Format

Send to

Choose Destination
Skeletal Radiol. 2013 Nov;42(11):1593-602. doi: 10.1007/s00256-013-1700-x. Epub 2013 Aug 28.

Do more MRI findings imply worse disability or more intense low back pain? A cross-sectional study of candidates for lumbar disc prosthesis.

Author information

1
Department of Radiology, Haukeland University Hospital, Jonas Liesvei 65, 5021, Bergen, Norway, linda.berg@kir.uib.no.

Abstract

OBJECTIVE:

To examine whether combined magnetic resonance imaging (MRI) findings are related to the degree of disability and low back pain (LBP) in candidates for lumbar disc prosthesis surgery.

MATERIALS AND METHODS:

This cross-sectional study included 170 disc prosthesis candidates (mean age 41 years; 88 women) with chronic non-radicular LBP and localized disc degeneration. Experienced radiologists rated Modic changes and disc findings at L4-S1 on pre-treatment MRIs. An MRI total score (0-10) for findings at L4/L5 plus L5/S1 was calculated for Modic type I and/or II changes, a posterior high intensity zone (HIZ) in the disc, dark/black nucleus pulposus signal, and ≥40 % disc height decrease. We analyzed the relationship of the MRI total score to the Oswestry Disability Index (ODI) (n = 170) and LBP intensity scores (0-100 visual analogue scale, n = 165) using multiple linear regression and adjusting for age, gender, body mass index, smoking, and anxiety/depression.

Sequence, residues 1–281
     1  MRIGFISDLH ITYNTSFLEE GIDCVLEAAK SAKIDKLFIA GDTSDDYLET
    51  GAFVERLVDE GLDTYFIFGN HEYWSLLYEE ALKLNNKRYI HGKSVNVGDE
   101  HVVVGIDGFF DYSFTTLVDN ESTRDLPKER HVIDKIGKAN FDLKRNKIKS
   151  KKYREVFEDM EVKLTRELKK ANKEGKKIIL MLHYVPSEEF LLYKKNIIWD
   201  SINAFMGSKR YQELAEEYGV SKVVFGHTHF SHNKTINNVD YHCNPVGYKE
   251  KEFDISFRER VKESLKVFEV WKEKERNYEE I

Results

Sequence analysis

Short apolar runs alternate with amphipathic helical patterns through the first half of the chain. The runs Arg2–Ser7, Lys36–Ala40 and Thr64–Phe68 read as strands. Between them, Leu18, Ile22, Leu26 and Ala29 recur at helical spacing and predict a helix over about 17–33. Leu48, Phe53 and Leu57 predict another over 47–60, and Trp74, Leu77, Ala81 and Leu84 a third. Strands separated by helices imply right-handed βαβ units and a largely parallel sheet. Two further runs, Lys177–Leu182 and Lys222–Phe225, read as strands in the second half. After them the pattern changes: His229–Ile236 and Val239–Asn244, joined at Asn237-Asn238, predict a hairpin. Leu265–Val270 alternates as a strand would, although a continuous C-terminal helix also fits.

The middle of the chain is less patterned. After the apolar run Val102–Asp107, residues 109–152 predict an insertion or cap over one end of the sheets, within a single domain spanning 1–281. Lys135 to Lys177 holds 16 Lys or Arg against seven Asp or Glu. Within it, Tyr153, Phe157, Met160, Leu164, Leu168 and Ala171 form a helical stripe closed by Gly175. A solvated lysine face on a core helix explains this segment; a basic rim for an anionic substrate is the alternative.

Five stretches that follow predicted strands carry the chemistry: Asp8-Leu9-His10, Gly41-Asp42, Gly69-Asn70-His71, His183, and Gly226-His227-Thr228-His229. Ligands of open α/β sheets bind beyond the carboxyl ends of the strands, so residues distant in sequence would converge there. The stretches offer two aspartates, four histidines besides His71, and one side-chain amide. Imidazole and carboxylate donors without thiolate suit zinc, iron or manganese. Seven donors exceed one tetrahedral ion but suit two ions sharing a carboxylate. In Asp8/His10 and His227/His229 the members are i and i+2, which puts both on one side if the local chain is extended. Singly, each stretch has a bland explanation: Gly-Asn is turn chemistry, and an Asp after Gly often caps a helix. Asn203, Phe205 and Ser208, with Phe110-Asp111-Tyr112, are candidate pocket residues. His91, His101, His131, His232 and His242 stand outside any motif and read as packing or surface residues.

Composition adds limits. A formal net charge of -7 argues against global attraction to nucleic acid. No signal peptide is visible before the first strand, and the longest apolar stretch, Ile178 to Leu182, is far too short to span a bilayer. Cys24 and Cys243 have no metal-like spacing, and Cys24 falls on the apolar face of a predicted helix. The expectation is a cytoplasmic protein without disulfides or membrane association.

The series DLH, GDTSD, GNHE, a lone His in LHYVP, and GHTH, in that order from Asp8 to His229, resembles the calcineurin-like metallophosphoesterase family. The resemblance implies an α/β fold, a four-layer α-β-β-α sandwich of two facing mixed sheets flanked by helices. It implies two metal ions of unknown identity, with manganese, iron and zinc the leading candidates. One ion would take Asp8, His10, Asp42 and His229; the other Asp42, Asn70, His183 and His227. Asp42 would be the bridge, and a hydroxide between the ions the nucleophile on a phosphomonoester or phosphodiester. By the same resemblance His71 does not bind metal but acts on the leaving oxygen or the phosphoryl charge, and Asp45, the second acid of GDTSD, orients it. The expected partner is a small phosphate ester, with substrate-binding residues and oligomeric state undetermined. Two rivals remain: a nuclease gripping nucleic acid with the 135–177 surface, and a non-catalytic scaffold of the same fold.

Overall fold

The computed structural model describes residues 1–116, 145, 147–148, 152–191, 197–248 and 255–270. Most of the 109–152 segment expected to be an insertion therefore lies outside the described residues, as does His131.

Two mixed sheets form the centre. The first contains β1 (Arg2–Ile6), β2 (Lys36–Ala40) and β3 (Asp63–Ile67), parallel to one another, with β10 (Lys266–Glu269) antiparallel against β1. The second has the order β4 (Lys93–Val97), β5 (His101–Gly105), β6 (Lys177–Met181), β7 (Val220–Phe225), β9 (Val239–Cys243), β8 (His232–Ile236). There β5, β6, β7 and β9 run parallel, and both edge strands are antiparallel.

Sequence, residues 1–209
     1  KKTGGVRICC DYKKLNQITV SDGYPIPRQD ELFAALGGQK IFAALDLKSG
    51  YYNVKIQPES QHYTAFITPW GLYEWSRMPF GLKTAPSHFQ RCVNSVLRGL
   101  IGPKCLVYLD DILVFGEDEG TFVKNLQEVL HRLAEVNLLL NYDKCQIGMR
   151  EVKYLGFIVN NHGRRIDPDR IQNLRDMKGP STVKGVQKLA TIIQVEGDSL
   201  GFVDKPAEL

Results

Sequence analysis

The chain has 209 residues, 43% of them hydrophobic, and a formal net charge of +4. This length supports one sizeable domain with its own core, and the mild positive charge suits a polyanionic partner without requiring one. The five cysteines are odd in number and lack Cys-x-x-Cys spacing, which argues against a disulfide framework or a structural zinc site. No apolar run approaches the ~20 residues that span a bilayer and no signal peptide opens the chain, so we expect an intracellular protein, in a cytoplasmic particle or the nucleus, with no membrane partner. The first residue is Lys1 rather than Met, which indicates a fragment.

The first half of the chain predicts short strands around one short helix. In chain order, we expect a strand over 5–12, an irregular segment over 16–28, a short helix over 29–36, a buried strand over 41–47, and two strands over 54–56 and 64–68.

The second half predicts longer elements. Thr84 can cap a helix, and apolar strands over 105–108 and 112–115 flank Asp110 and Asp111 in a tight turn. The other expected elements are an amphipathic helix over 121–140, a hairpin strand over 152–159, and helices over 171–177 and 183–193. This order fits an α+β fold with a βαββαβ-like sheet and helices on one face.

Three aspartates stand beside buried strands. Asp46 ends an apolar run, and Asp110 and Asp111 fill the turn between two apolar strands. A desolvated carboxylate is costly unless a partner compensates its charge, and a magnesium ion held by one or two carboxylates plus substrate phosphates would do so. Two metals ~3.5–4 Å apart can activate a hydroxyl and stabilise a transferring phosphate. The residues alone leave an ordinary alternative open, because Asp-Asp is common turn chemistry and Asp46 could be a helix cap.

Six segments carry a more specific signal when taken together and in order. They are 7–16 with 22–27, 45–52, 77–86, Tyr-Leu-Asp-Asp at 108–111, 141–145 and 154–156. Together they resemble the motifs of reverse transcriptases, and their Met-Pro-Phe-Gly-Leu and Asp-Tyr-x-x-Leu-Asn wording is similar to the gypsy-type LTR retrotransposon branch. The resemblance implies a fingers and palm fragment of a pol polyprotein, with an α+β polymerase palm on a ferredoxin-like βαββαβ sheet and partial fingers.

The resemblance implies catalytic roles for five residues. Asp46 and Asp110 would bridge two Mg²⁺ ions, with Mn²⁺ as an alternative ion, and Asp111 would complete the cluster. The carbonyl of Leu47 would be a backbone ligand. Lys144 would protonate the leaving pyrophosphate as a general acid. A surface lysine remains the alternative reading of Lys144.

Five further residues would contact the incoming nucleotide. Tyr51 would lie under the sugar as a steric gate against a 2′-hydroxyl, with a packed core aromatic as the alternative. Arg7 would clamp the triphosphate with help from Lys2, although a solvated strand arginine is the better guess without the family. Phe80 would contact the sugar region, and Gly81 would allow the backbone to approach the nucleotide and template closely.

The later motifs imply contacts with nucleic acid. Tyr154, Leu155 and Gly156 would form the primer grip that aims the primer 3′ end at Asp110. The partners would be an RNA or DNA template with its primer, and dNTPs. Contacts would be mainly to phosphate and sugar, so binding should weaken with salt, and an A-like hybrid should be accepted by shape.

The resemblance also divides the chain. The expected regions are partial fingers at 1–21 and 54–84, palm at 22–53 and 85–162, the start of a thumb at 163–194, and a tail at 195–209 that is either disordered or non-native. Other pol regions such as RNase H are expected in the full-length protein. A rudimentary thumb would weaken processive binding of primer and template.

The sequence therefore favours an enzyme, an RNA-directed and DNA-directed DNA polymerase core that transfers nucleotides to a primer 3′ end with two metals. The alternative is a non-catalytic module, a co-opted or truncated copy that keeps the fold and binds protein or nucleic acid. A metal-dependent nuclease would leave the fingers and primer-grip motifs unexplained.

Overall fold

RESULTS:

The MRI total score was not related to ODI (regression coefficient 0.12, p = 0.79) or LBP intensity (regression coefficient 0.64, p = 0.37). When individual MRI findings were analyzed, patients with HIZ at L5/S1 had slightly lower ODI scores (4.7 points, p = 0.02). In post hoc analyses, results remained unchanged after adding facet arthropathy to the MRI total score and adjusting also for physical workload and physical leisure-time activity.

CONCLUSIONS:

The combined MRI findings were not related to the degree of disability or the intensity of LBP. These degenerative MRI findings cannot explain variation in pre-treatment disability and pain in patients with chronic LBP accepted for disc prosthesis surgery.

PMID:
23982421
DOI:
10.1007/s00256-013-1700-x
[Indexed for MEDLINE]

Supplemental Content

Full text links

Icon for Springer
Loading ...
Support Center